Please note: the content of this page is currently undergoing a review – Posted August 17, 2021
The Rare Book Collection consists of samples of old, rare, or unusual books as well as some modern limited editions and other works of value. Most of these books were acquired as part of the regular library collection in past years and have been transferred to this collection for safekeeping.
There are two basic sections to the Rare Book Collection. The first is the general collection which consists of a variety of books acquired mainly by transfer from other departments. The second section consists of distinct collections of books given as units by the donors.
Catalogued Rare Books
This is a collection of approximately 1,000 books. The majority of this collection consists of books transferred from other departments due to their rarity or subject matter. There are also quite a few books that have been donated by members over the course of the library's existence. Some of the strengths of the collection include:
Several volumes of house and ornament design which have been used frequently by local artists and theatrical set designers. Local theatres also use the small collection on the history of costume. See also Lyle Collection.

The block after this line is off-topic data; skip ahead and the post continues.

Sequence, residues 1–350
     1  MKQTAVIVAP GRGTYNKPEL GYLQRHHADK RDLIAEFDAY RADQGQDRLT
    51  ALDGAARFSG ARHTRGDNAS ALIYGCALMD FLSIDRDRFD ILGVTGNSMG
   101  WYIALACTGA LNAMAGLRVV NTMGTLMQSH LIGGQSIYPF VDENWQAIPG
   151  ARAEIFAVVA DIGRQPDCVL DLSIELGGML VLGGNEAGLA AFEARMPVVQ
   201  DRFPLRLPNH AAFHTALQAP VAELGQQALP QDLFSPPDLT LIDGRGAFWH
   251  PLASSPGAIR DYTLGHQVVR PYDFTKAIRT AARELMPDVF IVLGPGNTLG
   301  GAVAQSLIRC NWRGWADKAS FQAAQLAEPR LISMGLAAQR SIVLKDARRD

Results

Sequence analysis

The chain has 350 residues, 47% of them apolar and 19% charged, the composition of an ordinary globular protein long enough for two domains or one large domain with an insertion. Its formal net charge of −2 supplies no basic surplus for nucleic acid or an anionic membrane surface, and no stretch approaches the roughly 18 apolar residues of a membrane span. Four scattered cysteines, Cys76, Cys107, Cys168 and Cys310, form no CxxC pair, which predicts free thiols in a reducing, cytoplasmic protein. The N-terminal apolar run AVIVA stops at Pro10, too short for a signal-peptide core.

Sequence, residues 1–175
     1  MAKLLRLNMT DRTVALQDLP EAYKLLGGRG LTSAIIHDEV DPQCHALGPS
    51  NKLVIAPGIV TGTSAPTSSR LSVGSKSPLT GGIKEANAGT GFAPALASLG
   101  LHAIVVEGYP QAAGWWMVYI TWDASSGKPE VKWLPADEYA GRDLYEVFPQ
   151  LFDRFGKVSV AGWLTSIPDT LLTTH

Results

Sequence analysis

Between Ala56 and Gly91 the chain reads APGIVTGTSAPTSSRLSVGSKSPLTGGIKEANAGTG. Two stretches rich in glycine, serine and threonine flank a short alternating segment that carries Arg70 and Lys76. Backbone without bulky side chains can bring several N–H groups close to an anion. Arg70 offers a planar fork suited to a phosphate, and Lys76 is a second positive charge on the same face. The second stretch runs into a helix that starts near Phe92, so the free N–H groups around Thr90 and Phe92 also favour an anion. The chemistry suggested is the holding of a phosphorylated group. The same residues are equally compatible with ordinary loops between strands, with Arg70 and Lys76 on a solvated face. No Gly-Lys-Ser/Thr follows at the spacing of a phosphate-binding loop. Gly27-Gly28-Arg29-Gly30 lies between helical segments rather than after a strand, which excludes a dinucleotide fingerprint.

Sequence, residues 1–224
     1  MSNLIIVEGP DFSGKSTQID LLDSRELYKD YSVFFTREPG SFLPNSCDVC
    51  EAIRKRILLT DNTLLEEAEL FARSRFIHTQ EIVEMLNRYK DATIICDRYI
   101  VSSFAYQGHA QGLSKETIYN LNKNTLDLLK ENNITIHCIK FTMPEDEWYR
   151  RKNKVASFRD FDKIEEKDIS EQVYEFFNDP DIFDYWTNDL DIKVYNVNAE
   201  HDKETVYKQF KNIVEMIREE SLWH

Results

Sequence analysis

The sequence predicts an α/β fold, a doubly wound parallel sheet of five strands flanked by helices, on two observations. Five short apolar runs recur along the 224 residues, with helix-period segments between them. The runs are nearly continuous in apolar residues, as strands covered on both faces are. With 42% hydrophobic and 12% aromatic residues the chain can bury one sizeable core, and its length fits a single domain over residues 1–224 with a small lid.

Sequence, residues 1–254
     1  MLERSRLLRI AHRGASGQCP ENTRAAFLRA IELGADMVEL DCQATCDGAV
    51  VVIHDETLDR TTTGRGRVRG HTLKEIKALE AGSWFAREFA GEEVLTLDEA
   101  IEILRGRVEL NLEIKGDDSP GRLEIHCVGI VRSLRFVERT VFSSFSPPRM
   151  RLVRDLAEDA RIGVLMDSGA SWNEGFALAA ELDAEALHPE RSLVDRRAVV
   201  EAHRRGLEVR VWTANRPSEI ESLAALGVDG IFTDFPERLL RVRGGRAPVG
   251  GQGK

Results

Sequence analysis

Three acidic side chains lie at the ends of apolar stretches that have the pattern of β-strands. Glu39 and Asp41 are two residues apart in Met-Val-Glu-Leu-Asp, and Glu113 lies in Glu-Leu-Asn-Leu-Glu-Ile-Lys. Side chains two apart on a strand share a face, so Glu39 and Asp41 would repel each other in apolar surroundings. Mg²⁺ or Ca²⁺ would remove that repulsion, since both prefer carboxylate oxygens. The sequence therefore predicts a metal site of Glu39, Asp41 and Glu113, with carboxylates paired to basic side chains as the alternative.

The collection includes an original edition of the 29 volume set Bibliotheca Americana, a dictionary of books relating to America by Joseph Sabin. It is extremely useful to anyone researching early American and Canadian history and was used extensively in the preparation of the Hamilton Public Library's Bibliography of its holdings concerning the War of 1812.
One of the great strengths of the Rare Book Collection is works by early explorers during the last great surge of discovery, from the late 18th century through the 19th century. This collection complements the collateral collection in Canadiana of explorers in North America and Canada. Many of these books contain colonialist descriptions in English of early contact with Indigenous peoples. One of the stronger sections in this collection is the number of works related to African exploration. There are early (18th century) editions of Mungo Park's travels, as well as first editions of many of Sir Richard Francis Burton's African travel books, and works by both Stanley and Livingston. These nicely complement the smaller collection of anti-slavery books and pamphlets also held in Rare Books. These collections can be invaluable to anyone studying black history, in documenting historical attitudes towards slavery, and the colonialization of native populations. As Hamilton was one of the destinations of the Underground Railway prior to the American Civil War, this collection forms a valuable adjunct to any study of local black history. Other volumes in this collection document exploration in Eastern Europe, India, the South Pacific, and the Arctic.